By Don Helin
International intelligence agencies are after Bajjah, the brilliant and vicious mastermind of the bio-terror plot which nearly wiped out New York City. If not for the heroics of James Hicks, he might have been successful.
Hicks believes that some unknown adversary might be holding Bajjah, and he must track down this cold-blooded enemy while battling other agencies that have their own motives to find the terrorist. But when Hicks discovers that Bajjah’s network goes far deeper than anyone could have fathomed, he’s in a race against time to stop an international atrocity from taking place.
Early on in MURDER OF THE CROWS, James Hicks may captures one of the most wanted terrorists in the world— but in doing so, he has drawn the anger of international intelligence agencies who all target Hicks and his organization because they have someone they want to question. This month, I had the opportunity to catch up with the author of this page-turning thriller for The Big Thrill and ask a few questions of my own.
Did any particular event inspire the plot of this book?
I wrote MURDER OF THE CROWS with the intent of delving further into the world I set up in Sympathy For The Devil. It explains why the characters do certain things and why they’re prohibited from doing others. There wasn’t a particular terror or intelligence event that inspired the plot, but I drew plenty of inspiration from life. In this book, as in life, our actions have consequences. How we handle those consequences defines who we are. James Hicks is no different, except that he has people trying to kill him every day.
Do you have any tips for our readers on how you balance back story with new plot?
One of the main criticisms I received from readers of Sympathy for the Devil, was they didn’t know the back story for the characters. I intentionally avoided that spy thriller clichéd scene where two people sit and review the protagonist’s file. I wanted the reader to buy into the character and the world as it was without having details that people tend to skip anyway. In MURDER OF THE CROWS, I hint at Hicks’ back story without distracting from the forward action of the plot. By the end of the novel, the reader knows much more about Hicks, the University and the motivations of both, but won’t feel like they’ve slogged through a chapter of back story.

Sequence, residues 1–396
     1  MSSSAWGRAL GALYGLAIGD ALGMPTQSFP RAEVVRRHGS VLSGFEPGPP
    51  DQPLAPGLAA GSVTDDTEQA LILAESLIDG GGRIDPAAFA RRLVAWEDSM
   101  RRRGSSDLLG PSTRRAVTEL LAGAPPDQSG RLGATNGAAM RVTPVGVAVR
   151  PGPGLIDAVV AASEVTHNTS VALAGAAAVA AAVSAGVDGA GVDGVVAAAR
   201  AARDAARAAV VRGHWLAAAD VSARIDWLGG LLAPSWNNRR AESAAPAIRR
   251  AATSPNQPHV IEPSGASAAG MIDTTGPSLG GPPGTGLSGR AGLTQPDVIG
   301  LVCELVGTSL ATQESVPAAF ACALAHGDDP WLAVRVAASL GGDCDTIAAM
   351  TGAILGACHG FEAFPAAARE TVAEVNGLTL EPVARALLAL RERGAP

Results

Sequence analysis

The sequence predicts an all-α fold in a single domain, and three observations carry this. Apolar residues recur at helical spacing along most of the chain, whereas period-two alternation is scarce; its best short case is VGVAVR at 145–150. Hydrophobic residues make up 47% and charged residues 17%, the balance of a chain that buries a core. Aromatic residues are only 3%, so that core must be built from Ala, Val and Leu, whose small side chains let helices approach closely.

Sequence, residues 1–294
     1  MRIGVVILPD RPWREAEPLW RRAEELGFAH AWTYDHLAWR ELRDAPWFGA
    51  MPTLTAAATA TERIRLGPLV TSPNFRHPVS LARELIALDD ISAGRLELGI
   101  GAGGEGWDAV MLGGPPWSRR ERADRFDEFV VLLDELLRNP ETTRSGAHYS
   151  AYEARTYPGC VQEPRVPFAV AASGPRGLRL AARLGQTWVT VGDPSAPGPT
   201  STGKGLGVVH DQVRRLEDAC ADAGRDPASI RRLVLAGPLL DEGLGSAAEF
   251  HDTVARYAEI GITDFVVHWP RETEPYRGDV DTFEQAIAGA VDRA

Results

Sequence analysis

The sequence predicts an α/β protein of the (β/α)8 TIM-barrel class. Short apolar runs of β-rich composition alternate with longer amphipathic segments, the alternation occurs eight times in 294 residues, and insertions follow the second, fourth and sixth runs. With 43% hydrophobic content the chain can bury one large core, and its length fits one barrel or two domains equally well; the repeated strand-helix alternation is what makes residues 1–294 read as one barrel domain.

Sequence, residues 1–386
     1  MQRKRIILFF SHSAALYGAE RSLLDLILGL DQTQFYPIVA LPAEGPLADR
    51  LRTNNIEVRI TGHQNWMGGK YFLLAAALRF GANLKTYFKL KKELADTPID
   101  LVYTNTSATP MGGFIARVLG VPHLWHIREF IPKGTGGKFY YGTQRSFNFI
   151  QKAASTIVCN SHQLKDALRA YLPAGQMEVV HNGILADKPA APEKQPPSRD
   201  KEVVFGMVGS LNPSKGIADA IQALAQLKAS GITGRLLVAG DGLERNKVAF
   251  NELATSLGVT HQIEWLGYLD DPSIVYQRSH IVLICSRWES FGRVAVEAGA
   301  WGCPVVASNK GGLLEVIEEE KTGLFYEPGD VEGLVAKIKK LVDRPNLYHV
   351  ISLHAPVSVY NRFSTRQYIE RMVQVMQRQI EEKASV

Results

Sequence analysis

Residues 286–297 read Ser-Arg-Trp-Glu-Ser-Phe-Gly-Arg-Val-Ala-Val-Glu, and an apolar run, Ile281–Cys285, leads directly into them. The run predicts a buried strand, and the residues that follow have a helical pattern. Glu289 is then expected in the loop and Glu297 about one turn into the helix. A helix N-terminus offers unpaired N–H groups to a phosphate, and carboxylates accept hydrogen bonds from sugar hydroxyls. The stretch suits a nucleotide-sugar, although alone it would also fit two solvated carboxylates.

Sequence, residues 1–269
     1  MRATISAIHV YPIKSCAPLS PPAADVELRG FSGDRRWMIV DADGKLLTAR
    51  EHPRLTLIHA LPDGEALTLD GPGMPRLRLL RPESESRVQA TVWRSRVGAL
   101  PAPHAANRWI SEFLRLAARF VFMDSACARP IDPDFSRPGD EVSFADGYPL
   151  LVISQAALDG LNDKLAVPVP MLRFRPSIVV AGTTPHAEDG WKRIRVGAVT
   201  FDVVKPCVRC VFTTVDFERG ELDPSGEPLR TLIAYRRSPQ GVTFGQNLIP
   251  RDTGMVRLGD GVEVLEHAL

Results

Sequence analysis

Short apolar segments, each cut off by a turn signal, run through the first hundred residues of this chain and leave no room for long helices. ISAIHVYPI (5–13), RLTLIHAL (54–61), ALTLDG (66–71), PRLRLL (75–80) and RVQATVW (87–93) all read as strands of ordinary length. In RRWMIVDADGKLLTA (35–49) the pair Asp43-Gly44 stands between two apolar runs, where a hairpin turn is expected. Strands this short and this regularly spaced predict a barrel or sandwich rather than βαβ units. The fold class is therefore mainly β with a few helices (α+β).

When you’re not writing, what are you doing?
I work in public relations, which helps keep my creative juices flowing. I spend most of my time in Dutchess County, NY where I annoy my long suffering bride, Rita, and our cat, Marlowe. I love old movies, and traveling to research plot lines for my next novel. In the future I’d like to visit Europe. I’ve been to Canada as well as Central and South America several times.
Speaking of novel research, what can readers expect from you next?
I’ve written a western that I hope to see published within the next year. I’m also working on the third James Hicks novel. I will continue writing short stories and exploring ideas to expand the University series into a broader body of work.
When the summer weather beckons, what strategies do you use to keep your “butt glued to the chair?”
Summer is actually when I do my most writing. I’m trapped in a cube farm all day beneath florescent lighting and artificial sound. I find being outside and surrounded by real sunlight and natural sounds helps with the creative process. I tend to go on great tears during the warmer months.
Terrence McCauley is an award-winning crime writer living in New York City. In 2014, he won the New Pulp Award for Best Author and Best Short Story for “A Bullet’s All it Takes”. His short stories have been featured in Thuglit, Shotgun Honey, Atomic Noir, and Matt Hilton’s Action: Pulse Pounding Tales Vol. 1 & 2. He recently compiled Grand Central Noir, an anthology where all proceeds go directly to God’s Love We Deliver, a nonprofit organization in New York City. He is the author of Prohibition, Slow Burn, and the first James Hicks novel, Sympathy For The Devil.
To learn more, please visit his website.